Celebrating Black History Month with IABA Leader Gloria Asare

Black History Month is an annual commemoration of Black culture, history, and achievement.

As an organization that champions the diversity and inclusion of its membership, we delight in the opportunity to celebrate the unique and valuable contributions of Canada’s Black actuaries. Simultaneously, this also means recognizing the areas where, as a profession, we still need to grow.

Gloria Asare
Gloria Asare, ACIA, FCAS

The journey to Fellowship is never easy, and for Black actuaries, it can be further nuanced by discrimination and a lack of awareness about the profession among other material barriers to entry.

Gloria Asare, ACIA, FCAS, and International Association of Black Actuaries (IABA) leader, in sharing her experience, highlights the significance of acknowledging Black History Month and working towards a more equitable profession that we can all be proud of.

As an Associate of the Canadian Institute of Actuaries and a Fellow of the Casualty Actuarial Society (CAS), what significance do your designations hold for you?

Beyond the credentials themselves and the expanded work-related opportunities that come with them, it’s been an earnest journey of personal growth to get to this point. The process of overcoming multiple failures; staying dedicated to your goals despite things not going your way; and having various unanticipated life circumstances occur while persevering through it all encourages real character building. Additionally, with less than 2% of all fully credentialed actuaries across North America being Black, it is very rewarding to have accomplished this milestone and to therefore now be better able to inspire others as they pursue this, or other, professions.

You achieved your Fellowship with the CAS just this month. What was a memorable highlight from the journey?

My final attempt at Exam 8, most definitely. At the time I was on maternity leave with my young infant and I lived two hours away from the nearest testing center. My little one was still being nursed exclusively and didn’t like the bottle. So, for me to take the exam, my husband – who is a university professor – had to adjust his classes and drive the family down to the city the night before. On the exam day itself, I got up extra early to feed my daughter then had to leave for five hours to take the exam. As soon as the exam was done, I had to rush right back to feed her again. It’s not easy being someone’s sole source of nutrition; what a relief to have passed that sitting!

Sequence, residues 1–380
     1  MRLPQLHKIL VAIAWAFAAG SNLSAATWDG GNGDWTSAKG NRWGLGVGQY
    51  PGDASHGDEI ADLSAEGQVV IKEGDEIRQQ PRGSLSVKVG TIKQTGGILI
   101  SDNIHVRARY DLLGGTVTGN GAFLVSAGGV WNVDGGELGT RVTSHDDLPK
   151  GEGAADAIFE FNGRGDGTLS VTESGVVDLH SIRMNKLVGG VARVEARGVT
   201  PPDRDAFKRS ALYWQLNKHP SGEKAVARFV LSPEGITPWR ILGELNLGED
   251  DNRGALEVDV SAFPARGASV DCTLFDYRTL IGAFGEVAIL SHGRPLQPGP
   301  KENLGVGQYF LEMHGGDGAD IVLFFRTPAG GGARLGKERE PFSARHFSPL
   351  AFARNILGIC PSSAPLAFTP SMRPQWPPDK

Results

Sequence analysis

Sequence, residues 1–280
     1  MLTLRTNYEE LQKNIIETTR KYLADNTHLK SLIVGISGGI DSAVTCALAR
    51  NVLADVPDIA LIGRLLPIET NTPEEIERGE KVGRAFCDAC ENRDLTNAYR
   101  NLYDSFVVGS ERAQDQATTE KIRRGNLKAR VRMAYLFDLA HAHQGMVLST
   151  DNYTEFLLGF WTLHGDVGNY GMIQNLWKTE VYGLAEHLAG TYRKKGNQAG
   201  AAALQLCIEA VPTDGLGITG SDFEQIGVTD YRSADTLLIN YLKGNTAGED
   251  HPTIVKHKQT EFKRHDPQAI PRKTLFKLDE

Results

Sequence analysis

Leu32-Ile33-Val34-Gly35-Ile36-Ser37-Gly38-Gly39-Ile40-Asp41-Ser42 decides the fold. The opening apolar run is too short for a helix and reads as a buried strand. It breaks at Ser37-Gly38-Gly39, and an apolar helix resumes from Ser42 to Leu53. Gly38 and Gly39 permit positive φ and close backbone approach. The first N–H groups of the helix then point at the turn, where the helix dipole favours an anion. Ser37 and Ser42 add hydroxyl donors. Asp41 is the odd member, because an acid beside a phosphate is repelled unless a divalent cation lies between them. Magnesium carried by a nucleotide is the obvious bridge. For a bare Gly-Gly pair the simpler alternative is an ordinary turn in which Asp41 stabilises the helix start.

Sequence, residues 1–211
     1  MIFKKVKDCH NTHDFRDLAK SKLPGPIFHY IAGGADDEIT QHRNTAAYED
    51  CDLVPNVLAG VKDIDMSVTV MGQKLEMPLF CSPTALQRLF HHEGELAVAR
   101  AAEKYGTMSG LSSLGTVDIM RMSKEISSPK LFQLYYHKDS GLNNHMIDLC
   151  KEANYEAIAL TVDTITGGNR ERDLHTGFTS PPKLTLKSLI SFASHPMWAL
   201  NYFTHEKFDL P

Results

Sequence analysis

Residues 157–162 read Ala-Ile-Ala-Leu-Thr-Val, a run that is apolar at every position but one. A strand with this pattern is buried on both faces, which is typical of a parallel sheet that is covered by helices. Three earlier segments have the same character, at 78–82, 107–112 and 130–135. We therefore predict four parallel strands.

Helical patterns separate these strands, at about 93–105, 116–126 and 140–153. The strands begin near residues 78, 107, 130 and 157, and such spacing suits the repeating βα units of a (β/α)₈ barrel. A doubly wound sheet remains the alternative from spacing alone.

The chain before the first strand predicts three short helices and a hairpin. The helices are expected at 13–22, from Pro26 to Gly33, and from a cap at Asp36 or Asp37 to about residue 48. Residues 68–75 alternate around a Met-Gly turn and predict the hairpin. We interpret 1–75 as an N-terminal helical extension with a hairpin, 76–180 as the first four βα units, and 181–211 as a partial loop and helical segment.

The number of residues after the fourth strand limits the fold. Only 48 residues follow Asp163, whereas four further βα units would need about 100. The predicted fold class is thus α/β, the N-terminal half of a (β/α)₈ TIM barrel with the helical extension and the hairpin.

What does Black History Month mean to you?

It is a time when I reflect on many things. I think of the struggles that the Black community has faced over the centuries and continues to face today. As an immigrant, I think of this regarding the different Black communities across the world. I am so grateful for those who came before me and paved the way such that it is even possible for me to become a Fellow today. While I see the hope and inspiration this progress has created for some, it can still be overwhelming thinking of all the work that still needs to be done.

Why is it significant for companies to acknowledge Black History Month?

Because the challenges faced by the Black community are real. Our colleagues, our clients, and the residents in the areas we operate are all touched by it in some way. Thus, it is not a viable option to pretend the struggles do not exist. With minimal effort, each person in each office can make a difference. That includes asking more questions, doing more self-research, and showing support for DE&I initiatives, for example, joining a local employee resource group and/or partaking in Black History Month. Overall, colleagues should seek to learn more, rather than avoid the topic of diversity, equity, and inclusion.

How is the IABA vital in the creation of a more diverse and inclusive workplace?

As an organization dedicated to increasing the number of successful Black actuaries, the IABA continues to spread awareness of the significant barriers to entry that many aspiring and/or seasoned Black actuaries face in this profession where exams are deemed to be ‘the great equalizer’ among all. The IABA also provides a safe space for colleagues to come together, be vulnerable, learn from each other, and support each other on their day-to-day challenges. For more information, please visit our website at www.blackactuaries.org or email us at iaba@blackactuaries.org.

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